How are investors their own worst enemy?

Individual investors who actively trade common stocks tend to make trading errors. Many investors don’t realize that they are trading against a professional or against a computer that belongs to and was programmed by a professional. Even though the investor might be smart, the professional investor is also smart, has been trading for years, and isn’t doing so in his or her spare time. For the professional, this is a full-time job, working with a team, and with access to a lot of information.

Investors are their own worst enemy when they say, “Oh, I’m going to beat the professionals at their own game in my spare time.” It’s not that surprising that people don’t do well. As in my own case, many investors suffer from a lack of understanding and some overconfidence.

As an investor, you should buy and hold; don’t be an active trader. You’ve got to diversify. That eliminates a tremendous amount of risk. Keep your fees low. Fees are like the underside of the iceberg, often ignored but a real danger when it comes to long-term investing. Paying attention to fees will leave you with a lot more money in the long run. And, finally, in your taxable accounts, you should pay some attention to the tax consequences of your investment and trading policies.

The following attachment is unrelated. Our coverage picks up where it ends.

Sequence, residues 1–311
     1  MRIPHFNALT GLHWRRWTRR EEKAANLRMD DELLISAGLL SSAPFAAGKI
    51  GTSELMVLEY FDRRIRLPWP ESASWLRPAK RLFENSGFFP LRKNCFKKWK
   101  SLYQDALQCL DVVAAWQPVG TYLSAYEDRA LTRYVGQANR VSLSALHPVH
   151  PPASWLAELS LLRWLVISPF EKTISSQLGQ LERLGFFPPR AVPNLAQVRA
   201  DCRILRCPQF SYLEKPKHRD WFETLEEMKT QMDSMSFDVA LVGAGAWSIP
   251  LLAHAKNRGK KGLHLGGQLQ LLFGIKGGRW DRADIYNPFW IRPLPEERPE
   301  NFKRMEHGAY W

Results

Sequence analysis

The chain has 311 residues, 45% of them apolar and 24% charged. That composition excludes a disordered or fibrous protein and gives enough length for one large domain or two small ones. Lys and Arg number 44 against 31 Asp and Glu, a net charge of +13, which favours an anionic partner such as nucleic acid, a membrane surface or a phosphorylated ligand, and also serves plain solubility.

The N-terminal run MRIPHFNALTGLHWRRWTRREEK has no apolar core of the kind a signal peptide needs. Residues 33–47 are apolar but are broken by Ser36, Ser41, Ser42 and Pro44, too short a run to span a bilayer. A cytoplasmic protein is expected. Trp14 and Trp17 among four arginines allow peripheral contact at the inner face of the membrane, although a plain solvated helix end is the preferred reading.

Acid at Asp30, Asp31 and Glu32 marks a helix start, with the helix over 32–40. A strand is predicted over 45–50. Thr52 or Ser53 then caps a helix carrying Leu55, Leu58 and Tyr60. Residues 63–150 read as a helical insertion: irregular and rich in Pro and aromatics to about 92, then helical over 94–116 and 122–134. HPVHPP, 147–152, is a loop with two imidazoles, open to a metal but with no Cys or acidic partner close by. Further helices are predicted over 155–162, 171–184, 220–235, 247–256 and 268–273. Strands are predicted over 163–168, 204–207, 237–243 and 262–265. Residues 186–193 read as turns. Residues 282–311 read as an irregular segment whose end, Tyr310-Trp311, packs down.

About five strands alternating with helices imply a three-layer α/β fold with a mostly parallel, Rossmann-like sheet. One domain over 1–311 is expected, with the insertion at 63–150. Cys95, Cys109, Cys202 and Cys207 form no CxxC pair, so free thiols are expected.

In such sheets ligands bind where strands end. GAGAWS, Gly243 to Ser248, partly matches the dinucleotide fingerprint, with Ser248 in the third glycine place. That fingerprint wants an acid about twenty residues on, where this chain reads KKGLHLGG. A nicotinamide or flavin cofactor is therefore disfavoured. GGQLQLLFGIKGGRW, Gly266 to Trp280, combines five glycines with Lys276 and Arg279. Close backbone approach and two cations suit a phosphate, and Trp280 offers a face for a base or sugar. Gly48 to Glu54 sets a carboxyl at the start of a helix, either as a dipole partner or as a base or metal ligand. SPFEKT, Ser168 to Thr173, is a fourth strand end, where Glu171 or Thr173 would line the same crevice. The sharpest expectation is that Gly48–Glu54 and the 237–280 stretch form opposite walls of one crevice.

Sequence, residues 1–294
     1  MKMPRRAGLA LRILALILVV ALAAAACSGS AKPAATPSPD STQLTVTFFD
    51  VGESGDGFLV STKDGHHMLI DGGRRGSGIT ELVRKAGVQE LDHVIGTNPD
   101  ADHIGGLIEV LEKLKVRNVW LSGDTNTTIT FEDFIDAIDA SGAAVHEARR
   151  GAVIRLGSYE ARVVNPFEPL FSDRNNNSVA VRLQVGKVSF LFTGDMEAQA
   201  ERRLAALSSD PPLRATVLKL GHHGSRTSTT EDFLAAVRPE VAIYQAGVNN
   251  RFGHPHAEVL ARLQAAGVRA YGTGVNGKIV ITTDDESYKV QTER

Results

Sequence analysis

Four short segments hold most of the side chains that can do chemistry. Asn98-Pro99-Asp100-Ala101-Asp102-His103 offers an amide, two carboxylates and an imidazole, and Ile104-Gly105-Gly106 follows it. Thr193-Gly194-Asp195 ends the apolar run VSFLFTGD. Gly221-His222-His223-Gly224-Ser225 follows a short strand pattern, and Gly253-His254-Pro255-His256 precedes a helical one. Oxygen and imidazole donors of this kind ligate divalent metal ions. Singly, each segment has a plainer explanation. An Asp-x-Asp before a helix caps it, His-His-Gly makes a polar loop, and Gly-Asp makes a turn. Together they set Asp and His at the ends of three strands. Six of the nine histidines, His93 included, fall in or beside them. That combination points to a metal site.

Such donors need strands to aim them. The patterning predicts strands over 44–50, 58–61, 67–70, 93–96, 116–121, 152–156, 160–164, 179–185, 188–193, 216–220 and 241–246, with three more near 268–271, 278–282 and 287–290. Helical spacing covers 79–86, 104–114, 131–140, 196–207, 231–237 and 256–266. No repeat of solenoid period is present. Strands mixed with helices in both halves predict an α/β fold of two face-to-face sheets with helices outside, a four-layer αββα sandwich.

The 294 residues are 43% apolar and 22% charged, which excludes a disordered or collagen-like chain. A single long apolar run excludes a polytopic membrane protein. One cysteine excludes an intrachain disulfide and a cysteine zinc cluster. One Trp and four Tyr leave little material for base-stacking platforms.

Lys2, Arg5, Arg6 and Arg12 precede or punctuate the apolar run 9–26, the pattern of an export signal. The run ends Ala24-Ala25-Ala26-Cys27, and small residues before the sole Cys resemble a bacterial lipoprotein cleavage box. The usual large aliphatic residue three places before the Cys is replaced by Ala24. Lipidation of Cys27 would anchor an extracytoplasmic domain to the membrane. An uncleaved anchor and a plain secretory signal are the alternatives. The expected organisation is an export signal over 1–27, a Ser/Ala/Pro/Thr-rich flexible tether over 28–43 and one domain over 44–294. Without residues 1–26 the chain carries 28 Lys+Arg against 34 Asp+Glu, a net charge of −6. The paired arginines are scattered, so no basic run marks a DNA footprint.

What does it mean to save more tomorrow?

Save More Tomorrow isn’t my idea. [Behavioral economists] Richard Thaler and Shlomo Benartzi came up with this, and it is a great idea. People say you should save more, but what if you can’t live on anything less than what you have right now?

There are various ways to implement Save More Tomorrow. The variation I tend to recommend is to commit that the next time you get a raise, you’re going to put half your raise to savings and continue to do that every time you get a raise until you get up to your target saving level.

Saving more tomorrow doesn’t have to be when you get a raise nor does it have to be half of your raise. It could be the whole raise. This is a strategy that will help get you to where you want to go relatively painlessly.

Why should we believe that stocks will continue to go up in the long term?

The long-term rise in the market is not for sure. There is risk. If there were no risk whatsoever, then the potential reward would be a lot lower. When you invest, especially if you buy an all-market index fund, you’re basically investing in the economy. For a U.S. fund, you’re investing in the U.S. economy. Of course, most people should also diversify internationally.

There is some risk that over the next 30 years the economy won’t continue to grow and produce. But very likely, it will grow. The alternative at the other end of the risk spectrum is to buy Treasury bonds or inflation-protected Treasury bonds. However, for many young people, investing only in Treasuries can be risky because doing so is just not going to give enough of a return to provide enough money in retirement.

I think that as people get closer to retirement they should dial down the risk in their portfolio. How much risk you can take also depends on how much wealth you have.

All investing is subject to risk and the possible loss of the money you invest.

Diversification does not ensure a profit or protect against a loss.

Professor Odean’s views are not necessarily Vanguard’s views.